New standards for fuel efficiency will mandate that the average car on American roads get 54 miles to the gallon by next decade.
Since 1979, I have had an unpopular position about what we should do about our national dependence on foreign oil. What I would do is dramatically raise the tax we pay on a gallon of gasoline. I would use the force of much higher prices at the pump to over time modify what people drive.
Predictably, people hate my idea. But in polling, Americans love the idea of requiring automakers to crank out more fuel-efficient cars. The question, though, is will anybody buy those fuel-efficient cars?
Questions aside, the automakers have agreed to deliver 54 miles per gallon by next decade! I should point out the 54 mpgs will be based on EPA testing. In real life, that will be more like around 40 mpgs.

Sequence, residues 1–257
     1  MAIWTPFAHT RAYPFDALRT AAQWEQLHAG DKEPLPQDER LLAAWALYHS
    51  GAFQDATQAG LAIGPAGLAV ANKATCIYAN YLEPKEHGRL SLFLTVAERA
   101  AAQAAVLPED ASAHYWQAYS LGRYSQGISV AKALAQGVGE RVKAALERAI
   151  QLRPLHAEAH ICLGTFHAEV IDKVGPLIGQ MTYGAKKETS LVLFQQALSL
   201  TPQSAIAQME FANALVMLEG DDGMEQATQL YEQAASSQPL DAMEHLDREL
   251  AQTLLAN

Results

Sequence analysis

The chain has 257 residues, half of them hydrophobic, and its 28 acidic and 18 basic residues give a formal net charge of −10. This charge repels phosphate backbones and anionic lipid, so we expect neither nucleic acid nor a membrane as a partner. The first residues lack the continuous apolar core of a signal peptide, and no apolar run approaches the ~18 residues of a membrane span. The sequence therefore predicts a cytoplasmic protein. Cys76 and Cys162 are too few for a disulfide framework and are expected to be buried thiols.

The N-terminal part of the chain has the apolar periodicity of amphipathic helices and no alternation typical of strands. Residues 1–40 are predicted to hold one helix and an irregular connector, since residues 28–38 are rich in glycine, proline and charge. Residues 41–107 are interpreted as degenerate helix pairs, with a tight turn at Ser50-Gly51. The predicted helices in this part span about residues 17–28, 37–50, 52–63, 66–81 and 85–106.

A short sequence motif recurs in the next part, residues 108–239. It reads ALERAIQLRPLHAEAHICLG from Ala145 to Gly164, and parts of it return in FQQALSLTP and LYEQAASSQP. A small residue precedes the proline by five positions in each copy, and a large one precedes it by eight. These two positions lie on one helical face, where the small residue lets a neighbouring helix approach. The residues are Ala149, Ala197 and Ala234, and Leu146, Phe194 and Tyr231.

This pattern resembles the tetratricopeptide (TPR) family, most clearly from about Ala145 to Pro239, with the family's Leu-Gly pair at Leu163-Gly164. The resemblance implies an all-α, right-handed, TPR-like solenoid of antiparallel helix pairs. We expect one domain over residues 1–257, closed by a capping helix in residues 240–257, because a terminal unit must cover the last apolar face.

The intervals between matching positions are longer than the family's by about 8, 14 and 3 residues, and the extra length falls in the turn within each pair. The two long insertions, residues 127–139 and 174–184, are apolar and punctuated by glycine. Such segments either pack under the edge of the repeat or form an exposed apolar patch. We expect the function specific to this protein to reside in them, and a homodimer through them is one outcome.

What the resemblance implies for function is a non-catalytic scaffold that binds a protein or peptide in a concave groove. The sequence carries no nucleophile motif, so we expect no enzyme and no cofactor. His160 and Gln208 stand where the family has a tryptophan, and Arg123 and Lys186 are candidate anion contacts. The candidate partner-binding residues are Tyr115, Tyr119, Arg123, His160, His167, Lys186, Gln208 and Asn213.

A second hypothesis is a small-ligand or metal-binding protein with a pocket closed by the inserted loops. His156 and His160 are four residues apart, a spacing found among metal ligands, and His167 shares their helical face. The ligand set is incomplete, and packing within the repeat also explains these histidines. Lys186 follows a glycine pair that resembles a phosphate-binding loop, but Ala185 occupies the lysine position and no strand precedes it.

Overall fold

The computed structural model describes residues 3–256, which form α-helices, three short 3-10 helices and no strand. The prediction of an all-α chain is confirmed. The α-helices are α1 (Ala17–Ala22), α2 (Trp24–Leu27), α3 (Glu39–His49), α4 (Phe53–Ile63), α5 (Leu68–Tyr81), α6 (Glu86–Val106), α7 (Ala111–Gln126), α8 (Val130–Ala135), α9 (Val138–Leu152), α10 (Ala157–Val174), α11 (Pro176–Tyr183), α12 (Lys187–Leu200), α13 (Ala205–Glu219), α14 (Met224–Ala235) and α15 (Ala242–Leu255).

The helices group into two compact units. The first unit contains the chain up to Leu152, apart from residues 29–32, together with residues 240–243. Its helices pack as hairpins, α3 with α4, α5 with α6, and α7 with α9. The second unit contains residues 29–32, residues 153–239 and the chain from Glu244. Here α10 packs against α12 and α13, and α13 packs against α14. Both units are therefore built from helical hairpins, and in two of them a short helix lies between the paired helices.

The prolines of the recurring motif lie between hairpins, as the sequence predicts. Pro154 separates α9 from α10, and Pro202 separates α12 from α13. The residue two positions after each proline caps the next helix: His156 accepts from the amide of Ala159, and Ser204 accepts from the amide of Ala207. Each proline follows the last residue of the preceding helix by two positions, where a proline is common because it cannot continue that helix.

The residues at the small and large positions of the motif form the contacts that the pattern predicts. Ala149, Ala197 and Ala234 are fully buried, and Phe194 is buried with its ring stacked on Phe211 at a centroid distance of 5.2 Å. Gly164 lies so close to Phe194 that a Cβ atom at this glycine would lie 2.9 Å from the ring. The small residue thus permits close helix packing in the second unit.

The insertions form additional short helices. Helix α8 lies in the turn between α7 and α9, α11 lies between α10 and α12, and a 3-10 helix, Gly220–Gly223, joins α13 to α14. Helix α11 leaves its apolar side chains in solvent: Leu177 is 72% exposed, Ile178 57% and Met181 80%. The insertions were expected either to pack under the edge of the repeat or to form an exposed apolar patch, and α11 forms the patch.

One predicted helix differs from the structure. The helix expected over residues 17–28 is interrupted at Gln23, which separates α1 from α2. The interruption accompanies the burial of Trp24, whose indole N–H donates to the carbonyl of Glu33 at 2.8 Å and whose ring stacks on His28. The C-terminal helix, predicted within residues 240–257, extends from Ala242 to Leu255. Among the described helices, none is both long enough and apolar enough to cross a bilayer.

Thankfully, there’s so much new technology coming in the marketplace that will make cars more fuel efficient. You’ll have auto shutoff at red lights, direct injection, clean diesel, and improvements in aerodynamics, to name just a few.
Buick is now rolling out a new SUV, the 2013 Buick Encore, that gets 28 mpg. Meanwhile, a typical SUV gets more like 18-21 mpg. I also mentioned recently that Ford has the C-Max, a hybrid micro van with a small turbo-charged engine that gets 47 mpg.
So I still think a government mandate on fuel efficiency is the wrong way for us to wean off of oil. As ugly as the thought is about my way — where the money is taxed and it stays here instead of going as petrodollars to foreign nations to destroy us — I still believe in it.
Though I acknowledge my way is brutal for those with long commutes and inefficient vehicles.